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RADGrant Heritage Service Records

Throughout 2019 we will be highlighting projects funded by the RAD (Records Access Documentation) Grants.

When records were originally made and filed by institutions, there was no consideration that the children those records were created about might one day return to search for them. This has led to a number of impacts on people who spent time in institutional “care”. The language used about the children in records can be offensive and cruel. Information contained within records may not assist those searching for a greater understanding of how they came to be in “care,” or the identity of their family. Some institutions destroyed records, or kept them in a way that made them impossible to search effectively.

Anglicare Victoria has identified several hundred boxes of records that were never correctly listed, making it impossible to efficiently search for and find the information within the records they contain.

St John's Canterbury

St John’s Home for Boys, Canterbury, Vic

A RAD-funded grant has given them the capacity to review and index these boxes, revising incorrect information, and providing new information about the records where they find it.

Cataloguing and indexing the boxes will make their contents accessible to Care Leavers, as the type of records that have been retained and who they relate to is discovered, and that information is entered into a searchable database.

Care Leavers will be able to access more information , and that information will be more relevant to them. Anglicare Victoria will ensure that developing a searchable records database with a high level of accuracy will “enable a respectful and timely response” to Care Leavers requests for records.

Anglicare Victoria are located in Victoria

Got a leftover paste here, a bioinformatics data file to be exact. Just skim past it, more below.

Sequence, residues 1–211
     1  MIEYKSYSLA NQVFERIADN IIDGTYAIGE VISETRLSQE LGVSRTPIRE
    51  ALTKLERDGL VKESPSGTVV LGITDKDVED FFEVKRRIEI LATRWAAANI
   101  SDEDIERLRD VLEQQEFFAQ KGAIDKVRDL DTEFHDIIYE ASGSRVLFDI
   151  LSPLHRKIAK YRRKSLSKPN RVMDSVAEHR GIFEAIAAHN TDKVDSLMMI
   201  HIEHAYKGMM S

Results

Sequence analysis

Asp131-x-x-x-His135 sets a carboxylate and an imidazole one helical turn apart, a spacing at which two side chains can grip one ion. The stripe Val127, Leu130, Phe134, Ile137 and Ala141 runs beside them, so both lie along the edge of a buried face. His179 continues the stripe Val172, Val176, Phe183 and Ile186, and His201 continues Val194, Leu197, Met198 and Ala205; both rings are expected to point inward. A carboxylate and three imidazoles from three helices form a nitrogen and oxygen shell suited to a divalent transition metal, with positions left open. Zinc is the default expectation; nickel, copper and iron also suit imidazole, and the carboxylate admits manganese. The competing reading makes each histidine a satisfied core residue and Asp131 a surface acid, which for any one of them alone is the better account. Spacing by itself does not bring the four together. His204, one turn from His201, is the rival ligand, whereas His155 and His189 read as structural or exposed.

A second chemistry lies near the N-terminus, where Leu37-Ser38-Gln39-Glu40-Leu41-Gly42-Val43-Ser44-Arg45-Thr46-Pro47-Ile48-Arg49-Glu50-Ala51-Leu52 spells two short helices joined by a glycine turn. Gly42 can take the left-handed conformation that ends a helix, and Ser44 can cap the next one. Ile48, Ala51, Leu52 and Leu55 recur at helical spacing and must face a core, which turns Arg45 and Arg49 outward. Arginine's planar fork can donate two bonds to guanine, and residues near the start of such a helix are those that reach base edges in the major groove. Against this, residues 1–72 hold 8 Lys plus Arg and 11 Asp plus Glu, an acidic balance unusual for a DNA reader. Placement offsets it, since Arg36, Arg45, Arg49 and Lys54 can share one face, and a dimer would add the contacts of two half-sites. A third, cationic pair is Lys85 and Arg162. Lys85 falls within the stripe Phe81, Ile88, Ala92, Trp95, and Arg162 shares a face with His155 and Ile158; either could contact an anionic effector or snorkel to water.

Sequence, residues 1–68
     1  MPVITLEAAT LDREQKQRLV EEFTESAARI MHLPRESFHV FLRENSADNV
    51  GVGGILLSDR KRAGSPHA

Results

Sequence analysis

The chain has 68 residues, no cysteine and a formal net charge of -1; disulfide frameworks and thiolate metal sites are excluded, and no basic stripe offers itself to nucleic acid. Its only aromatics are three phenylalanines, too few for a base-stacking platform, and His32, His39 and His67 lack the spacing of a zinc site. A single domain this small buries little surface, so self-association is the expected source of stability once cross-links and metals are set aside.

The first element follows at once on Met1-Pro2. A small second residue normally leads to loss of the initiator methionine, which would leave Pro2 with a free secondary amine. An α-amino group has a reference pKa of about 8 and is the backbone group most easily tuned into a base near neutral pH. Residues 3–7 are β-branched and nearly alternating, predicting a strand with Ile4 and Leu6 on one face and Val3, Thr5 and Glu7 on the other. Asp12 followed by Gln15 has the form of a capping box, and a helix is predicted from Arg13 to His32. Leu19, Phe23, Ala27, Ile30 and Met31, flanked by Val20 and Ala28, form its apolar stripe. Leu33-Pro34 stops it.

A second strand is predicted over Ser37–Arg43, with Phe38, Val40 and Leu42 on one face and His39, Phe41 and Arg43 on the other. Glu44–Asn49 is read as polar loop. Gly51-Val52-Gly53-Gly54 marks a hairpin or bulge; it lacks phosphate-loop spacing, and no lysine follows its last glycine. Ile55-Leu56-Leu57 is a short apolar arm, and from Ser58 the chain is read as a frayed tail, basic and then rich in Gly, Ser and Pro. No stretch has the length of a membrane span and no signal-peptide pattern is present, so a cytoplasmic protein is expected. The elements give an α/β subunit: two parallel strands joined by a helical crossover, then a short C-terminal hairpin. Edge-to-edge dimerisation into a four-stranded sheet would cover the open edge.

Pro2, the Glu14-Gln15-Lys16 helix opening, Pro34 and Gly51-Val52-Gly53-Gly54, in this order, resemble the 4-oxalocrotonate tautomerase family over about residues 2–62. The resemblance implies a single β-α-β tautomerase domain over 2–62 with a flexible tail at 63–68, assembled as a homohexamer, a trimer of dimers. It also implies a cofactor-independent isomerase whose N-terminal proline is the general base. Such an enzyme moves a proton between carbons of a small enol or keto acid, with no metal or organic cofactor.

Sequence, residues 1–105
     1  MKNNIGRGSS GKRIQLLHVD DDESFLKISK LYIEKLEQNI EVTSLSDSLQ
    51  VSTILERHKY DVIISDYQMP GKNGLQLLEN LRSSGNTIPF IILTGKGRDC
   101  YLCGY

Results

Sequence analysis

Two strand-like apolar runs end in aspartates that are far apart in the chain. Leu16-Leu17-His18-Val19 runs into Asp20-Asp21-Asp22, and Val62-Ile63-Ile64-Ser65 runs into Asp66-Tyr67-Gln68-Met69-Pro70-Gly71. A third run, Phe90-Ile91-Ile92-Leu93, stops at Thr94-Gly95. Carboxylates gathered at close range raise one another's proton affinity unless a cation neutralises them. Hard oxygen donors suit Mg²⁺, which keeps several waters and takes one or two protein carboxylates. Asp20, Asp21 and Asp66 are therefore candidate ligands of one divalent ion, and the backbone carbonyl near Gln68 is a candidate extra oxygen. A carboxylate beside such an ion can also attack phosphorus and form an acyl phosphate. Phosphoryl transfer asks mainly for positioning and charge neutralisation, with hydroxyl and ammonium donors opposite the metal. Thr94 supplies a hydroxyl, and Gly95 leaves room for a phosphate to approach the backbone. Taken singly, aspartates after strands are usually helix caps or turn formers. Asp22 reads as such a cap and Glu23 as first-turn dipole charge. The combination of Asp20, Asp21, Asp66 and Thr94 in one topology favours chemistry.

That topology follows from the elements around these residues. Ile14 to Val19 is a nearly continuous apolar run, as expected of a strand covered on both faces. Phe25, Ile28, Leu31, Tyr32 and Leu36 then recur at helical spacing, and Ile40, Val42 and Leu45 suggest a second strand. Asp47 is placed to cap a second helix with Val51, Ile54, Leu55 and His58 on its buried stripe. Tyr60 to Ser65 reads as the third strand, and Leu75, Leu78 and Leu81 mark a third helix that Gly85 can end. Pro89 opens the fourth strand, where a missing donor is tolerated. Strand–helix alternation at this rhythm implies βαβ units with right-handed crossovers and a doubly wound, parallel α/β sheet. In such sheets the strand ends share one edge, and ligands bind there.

For more information on Anglicare Victoria, see: https://www.findandconnect.gov.au/ref/vic/biogs/E000009b.htm

1 Comment

  1. Our experience of sharing highly unpalatable comments in files that may include derogatory comments about the child or their parents has created an ethical dilemma – does the need for truth, meaning the whole truth, justify our being possibly responsible for potentially re-injuring vulnerable people?
    We have sought to face this by a) writing a covering letter with the file copies that specifically warns the reader that these files were written ABOUT them, not FOR them; b) repeating this warning in our face-to-face sessions with the Care Leaver; and c) giving them the dignity of being treated as now adults, not children.
    To date, this rejection of a victim mentality has given the Care Leavers the dignity and the honour of owning their past, warts and all.
    In just the same way that redacting information from their file about their fellow Care Leavers; their family and relatives, including the financial and social circumstances of their family; and the staff of the institution they were in, all may re-injure them more, simply by demonstrating that someone in a position of power doesn’t think they can be trusted with the truth, so too does removing documents that an anonymous editing official thinks just might be offensive.

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